A business must file a state and federal tax return once it is issued an employer ID number by the IRS, regardless of profit, loss or brevity of the taxable period. Filing requirements vary among business, income and expense types.

Organization Types

Companies pay federal income tax on profits and withhold employee income tax to be paid periodically throughout the year. Dividends to shareholders are also taxed. Forms 1120 and 941 are a "C" corporation's primary tax reporting method. "S" corporations do not pay income taxes directly, but rather pass the profits and losses to individual shareholders who report on their personal tax returns using a 1040 form. A limited liability company has partners rather than shareholders, but like an "S" corporation, the profits and losses are taxed on a partner's personal tax filing using a 1065 schedule K-1. Sole proprietors file income tax via form 1040 as income from a business.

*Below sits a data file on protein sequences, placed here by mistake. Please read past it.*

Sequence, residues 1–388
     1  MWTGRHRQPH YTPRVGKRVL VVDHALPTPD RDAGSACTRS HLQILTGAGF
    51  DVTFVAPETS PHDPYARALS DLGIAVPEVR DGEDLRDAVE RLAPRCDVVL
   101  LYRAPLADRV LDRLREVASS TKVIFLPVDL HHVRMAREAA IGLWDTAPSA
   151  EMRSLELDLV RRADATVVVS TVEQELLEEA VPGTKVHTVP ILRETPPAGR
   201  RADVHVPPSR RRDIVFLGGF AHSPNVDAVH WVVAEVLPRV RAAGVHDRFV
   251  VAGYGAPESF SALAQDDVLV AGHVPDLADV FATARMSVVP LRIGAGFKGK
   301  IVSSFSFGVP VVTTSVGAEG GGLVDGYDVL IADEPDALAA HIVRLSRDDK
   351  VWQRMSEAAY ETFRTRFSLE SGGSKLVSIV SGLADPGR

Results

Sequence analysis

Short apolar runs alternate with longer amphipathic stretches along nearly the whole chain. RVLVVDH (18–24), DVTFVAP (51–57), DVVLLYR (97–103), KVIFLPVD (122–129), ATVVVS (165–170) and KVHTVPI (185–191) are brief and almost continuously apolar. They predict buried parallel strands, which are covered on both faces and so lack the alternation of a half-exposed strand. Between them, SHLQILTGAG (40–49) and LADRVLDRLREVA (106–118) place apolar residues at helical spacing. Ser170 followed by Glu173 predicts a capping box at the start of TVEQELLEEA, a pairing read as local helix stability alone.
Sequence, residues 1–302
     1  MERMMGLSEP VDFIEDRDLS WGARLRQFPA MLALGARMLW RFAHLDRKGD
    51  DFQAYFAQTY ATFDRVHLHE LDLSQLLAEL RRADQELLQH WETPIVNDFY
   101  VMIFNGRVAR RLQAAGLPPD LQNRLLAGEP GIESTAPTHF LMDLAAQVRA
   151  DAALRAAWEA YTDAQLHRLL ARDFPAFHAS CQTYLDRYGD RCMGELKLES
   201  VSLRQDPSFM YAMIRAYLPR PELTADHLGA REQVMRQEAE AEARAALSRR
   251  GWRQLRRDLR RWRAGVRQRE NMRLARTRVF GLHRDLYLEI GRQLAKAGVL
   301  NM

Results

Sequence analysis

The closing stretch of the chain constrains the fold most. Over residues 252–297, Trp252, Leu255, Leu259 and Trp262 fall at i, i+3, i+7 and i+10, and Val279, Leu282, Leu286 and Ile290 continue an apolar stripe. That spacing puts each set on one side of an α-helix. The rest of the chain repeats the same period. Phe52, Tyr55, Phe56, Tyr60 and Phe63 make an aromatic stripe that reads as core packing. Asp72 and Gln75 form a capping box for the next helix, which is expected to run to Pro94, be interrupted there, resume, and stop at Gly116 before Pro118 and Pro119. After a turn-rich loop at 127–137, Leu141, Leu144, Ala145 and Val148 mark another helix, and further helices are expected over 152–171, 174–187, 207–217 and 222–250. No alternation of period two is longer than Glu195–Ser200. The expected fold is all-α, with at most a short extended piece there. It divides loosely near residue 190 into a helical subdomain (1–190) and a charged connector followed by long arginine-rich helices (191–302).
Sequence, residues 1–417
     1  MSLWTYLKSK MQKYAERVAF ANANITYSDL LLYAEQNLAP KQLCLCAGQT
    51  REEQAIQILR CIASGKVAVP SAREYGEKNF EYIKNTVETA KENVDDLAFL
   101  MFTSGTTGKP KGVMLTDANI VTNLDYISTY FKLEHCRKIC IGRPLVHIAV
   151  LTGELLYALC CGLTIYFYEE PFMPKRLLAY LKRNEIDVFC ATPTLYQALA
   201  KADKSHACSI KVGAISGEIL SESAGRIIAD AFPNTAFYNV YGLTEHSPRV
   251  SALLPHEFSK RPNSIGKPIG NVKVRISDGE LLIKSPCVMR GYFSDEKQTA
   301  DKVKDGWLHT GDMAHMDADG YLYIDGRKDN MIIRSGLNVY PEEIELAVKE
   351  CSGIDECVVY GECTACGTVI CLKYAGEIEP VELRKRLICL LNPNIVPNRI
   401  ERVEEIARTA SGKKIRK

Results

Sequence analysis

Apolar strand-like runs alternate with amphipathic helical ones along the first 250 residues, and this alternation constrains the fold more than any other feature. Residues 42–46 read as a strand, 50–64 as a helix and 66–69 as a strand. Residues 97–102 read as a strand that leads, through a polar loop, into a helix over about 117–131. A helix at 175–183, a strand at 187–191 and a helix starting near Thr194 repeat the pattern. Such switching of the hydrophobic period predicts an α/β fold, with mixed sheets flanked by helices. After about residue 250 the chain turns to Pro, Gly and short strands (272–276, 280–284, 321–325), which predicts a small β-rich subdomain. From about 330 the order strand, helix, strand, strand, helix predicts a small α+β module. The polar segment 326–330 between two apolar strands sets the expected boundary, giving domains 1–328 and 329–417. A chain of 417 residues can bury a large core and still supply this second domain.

Tax Types

Income tax is paid annually, based on an entity's profit or loss and employment. This is achieved by withholding a percentage of periodic income. An alternative to withholding is estimated tax; the estimated income is used to determine periodic payments. If the balance at the end of the year is less than the annual income tax amount, tax due will be paid with the tax return. For the self-employed (sole proprietors and partners), a self-employment tax must be paid to cover Social Security and Medicare coverage. These benefits are covered by employers with employees, as well as unemployment taxes and federal income tax withholdings. Excise tax applies to certain types of businesses presented in IRS Form 720. These include taxes on heavy equipment, air transport and other expenses.

State Taxes

State taxes mirror federal tax structure based on business organization. Specific requirements vary, however. For example, California requires a business to pay for temporary disability insurance, but Arizona does not.

Start-Up Expenses

Per IRS publication 535, a new business may elect to amortize start-up costs over several years, gaining the benefit to lower taxes for years rather than only one. The limit is a $5,000 deduction for 15 years, if total start-up costs are under $50,000. Another $5,000 deduction may be taken in the first year for small-business organizational costs and only applies to an LLC, partnership or corporation.